PoGo Series: The Twitter API21 Jul 2016
Table of Contents:
- Introduction to the Series
- The Twitter API
- The Tweepy Library
- Naive Bayes Classifiers
- Training a Sentiment Analyzer
- Statistical Analysis of the Data
- Visualizing the Data with Choropleth Maps
Welcome to the second post in the Pokemon Go analysis series. Recall that our goal is to construct a map of the dominance of each Pokemon Go team within each state. The first step of this process is to collect tweets about each team from Twitter. To do so, we’ll need to interact with Twitter’s Application Programming Interface (API).
In this post, we’ll discuss the following topics:
- Getting access to the Twitter API
- Understanding access keys
- Application-only authentication
- Twitter’s REST API
- Rate Limits
- Twitter’s Streaming API
Getting access to the Twitter API is simple:
- Go to http://apps.twitter.com
- Log in with your twitter account
- Click “Create New App”
- Fill out the information sheet and create the application. If you don’t have a website, just fill that section in with a made up URL.
- After creating the app, click on “manage keys and access tokens” under “Application Settings.”
- Take note of the consumer API key and the consumer secret. We’ll need these to connect to the API later. Do not share these numbers with anybody else.
- Click on “create my access token” and take note of the access token and access token secret that are generated. We’ll also need these to connect to the Twitter API. Do not share these numbers with anybody else.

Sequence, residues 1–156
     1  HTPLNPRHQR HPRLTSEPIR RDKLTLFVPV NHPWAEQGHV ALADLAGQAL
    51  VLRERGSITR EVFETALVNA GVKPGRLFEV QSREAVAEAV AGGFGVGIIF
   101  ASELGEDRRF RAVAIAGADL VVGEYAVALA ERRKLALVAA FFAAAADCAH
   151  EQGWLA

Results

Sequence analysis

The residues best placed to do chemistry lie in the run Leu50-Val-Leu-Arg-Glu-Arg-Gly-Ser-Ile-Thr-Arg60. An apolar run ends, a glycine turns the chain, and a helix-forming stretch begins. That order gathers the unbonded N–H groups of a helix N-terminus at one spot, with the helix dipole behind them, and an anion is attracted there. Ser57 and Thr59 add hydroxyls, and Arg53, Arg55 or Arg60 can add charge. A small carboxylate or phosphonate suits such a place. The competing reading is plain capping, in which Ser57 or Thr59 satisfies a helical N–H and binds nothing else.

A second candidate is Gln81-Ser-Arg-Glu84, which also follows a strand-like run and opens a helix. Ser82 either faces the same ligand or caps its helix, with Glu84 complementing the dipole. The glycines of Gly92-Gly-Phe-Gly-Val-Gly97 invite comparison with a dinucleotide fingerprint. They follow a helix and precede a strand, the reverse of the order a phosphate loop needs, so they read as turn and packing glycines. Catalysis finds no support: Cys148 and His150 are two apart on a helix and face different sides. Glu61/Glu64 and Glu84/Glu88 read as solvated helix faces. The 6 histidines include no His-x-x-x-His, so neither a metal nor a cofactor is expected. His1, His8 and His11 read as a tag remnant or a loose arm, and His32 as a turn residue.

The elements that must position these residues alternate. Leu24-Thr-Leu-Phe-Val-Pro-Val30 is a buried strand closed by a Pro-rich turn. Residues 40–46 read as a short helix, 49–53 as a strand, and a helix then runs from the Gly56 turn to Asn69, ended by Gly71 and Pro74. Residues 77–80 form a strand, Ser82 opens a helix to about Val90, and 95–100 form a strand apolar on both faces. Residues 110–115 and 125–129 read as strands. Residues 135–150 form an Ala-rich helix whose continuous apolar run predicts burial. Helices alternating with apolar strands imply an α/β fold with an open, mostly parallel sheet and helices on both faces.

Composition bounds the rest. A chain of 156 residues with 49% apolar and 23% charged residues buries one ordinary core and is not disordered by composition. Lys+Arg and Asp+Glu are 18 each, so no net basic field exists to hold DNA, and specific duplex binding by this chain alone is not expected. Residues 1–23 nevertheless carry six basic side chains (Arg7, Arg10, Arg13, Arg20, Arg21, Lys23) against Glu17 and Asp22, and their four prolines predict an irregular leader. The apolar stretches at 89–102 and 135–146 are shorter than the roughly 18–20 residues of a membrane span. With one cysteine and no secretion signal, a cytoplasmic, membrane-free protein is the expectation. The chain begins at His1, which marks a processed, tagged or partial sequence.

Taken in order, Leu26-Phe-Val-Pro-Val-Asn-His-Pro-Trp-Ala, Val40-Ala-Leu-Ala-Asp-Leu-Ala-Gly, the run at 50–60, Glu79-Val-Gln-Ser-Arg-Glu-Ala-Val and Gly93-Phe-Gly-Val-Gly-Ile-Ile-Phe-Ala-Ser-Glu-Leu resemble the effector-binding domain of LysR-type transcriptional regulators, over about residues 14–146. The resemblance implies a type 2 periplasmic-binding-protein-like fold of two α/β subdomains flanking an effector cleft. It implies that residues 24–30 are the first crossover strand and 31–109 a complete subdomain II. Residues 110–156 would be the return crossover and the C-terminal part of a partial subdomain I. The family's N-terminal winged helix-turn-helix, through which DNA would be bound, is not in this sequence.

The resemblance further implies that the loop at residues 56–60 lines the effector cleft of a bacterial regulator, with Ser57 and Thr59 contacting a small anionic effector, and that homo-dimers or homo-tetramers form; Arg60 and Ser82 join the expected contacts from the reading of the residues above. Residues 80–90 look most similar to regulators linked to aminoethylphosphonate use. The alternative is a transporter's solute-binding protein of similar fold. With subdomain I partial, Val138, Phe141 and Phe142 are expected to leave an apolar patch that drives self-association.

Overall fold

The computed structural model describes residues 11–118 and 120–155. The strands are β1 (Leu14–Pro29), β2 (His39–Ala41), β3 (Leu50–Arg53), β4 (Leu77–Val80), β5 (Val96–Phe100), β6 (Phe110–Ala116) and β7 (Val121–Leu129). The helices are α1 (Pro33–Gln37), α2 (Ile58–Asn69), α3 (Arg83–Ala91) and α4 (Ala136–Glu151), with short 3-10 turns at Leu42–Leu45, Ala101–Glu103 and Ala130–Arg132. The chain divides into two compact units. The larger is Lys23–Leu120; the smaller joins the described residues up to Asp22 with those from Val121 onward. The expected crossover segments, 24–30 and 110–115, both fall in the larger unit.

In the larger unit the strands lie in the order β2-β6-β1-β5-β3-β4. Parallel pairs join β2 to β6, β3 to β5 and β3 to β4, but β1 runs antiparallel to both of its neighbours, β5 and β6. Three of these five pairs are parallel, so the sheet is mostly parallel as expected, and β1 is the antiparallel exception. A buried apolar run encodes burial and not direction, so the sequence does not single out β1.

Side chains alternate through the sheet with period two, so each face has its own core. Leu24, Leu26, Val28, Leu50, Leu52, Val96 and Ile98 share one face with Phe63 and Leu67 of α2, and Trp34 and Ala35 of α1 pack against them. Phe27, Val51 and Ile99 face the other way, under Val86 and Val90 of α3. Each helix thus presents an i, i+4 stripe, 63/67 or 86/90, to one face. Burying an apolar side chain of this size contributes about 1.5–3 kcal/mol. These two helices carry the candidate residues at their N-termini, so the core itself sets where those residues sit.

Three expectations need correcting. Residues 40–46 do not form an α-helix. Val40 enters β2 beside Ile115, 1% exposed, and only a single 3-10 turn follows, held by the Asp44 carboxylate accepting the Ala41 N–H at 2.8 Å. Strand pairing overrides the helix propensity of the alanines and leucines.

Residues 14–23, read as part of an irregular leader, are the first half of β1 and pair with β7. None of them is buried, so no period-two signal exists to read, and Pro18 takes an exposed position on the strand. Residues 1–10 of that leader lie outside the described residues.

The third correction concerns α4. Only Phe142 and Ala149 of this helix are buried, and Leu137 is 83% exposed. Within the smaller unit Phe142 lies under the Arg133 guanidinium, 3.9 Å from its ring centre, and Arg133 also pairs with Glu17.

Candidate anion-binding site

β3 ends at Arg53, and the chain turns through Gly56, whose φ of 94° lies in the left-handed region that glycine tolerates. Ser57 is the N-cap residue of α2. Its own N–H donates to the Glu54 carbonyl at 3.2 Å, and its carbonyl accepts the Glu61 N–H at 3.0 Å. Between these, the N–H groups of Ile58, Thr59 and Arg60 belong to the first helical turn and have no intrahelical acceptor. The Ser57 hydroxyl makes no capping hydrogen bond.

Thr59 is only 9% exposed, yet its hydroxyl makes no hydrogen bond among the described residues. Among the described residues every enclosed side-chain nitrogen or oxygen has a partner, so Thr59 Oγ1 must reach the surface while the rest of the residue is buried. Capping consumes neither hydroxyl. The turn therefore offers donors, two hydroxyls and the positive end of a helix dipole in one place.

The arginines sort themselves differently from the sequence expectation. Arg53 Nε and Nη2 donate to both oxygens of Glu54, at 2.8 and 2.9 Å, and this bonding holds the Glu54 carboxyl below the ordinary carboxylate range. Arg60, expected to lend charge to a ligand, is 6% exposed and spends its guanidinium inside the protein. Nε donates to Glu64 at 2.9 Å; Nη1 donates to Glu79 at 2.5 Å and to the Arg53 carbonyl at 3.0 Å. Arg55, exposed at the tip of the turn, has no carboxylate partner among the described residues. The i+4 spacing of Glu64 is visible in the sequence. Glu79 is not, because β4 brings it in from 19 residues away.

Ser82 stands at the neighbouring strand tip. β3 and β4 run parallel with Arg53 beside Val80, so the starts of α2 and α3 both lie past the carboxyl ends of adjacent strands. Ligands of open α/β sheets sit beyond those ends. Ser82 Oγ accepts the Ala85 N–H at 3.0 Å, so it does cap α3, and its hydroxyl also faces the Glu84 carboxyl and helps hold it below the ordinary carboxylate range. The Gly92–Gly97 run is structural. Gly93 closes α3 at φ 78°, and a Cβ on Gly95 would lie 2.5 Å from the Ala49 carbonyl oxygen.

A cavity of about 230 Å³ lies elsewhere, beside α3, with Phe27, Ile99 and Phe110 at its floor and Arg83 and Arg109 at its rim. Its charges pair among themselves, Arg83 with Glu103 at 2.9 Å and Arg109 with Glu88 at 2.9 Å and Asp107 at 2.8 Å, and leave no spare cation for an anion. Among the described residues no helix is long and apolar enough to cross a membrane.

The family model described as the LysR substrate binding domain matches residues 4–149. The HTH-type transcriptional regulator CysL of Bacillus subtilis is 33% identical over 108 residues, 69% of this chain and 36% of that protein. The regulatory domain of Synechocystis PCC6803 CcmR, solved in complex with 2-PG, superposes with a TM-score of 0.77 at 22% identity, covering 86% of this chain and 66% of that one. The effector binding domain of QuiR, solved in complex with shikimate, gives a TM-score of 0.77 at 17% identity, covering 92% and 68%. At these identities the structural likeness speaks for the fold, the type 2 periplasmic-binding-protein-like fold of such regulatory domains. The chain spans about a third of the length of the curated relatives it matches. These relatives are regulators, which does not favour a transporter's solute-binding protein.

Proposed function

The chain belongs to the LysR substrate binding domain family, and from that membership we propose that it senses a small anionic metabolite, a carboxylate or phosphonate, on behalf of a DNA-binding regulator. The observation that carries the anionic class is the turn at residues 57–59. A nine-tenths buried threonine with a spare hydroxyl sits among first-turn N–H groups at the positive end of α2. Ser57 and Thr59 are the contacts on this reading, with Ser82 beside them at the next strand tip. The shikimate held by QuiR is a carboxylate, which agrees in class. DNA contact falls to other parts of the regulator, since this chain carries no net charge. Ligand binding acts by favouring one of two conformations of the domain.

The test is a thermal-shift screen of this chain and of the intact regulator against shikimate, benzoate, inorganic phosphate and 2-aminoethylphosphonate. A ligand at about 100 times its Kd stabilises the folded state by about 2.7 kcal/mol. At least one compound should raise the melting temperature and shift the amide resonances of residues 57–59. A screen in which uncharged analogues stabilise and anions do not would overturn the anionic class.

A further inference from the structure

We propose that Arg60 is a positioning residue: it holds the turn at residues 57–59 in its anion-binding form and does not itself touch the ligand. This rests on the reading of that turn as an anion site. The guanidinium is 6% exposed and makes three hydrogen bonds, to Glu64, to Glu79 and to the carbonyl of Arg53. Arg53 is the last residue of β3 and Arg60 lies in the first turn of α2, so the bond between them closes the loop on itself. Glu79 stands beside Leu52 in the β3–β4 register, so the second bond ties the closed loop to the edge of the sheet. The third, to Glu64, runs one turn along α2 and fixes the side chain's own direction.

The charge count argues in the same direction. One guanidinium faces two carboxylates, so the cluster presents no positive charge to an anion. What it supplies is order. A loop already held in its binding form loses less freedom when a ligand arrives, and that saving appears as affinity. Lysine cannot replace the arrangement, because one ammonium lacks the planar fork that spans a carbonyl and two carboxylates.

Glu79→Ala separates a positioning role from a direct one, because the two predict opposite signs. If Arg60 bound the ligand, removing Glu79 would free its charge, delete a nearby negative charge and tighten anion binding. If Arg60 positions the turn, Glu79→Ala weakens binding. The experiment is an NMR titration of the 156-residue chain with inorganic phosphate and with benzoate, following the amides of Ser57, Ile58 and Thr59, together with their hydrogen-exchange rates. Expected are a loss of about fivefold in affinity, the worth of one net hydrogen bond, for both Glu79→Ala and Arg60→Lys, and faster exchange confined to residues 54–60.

- Note that you can change app permissions from this page to allow access to features like direct messaging. The standard read and write permissions are fine for our purposes.
To understand what the consumer key, consumer secret, access token, and access token secret are we need to discuss some of the security protocols of the Twitter API. Suppose we build an application that requires information from our user’s Twitter accounts. For instance, maybe we made an application that takes pictures and we want our users to be able to upload those pictures to Twitter with the push of a button. We could ask the users to provide their username and password for us. However, doing so is not safe as it would provide the application with unlimited access to the user’s Twitter account. Instead, we can generate a special key that provides limited access to the user’s account. To do so, our application (know as “the client”) first asks the user (known as the “resource owner”) for permission to use such a key. When we get the permission we forward it to an authentication server, which returns an access token. The application can then use the access token to get limited access to Twitter’s resource server on the user’s behalf. This process, known as the OAuth2.0 authentication protocol, is depicted below:
The consumer key and consumer secret that are created with our application are login credentials that are used to authenticate our application when we access Twitter’s API. Once our application is authenticated, the access token and access token secret allow it to access Twitter’s resource server on behalf of our personal account.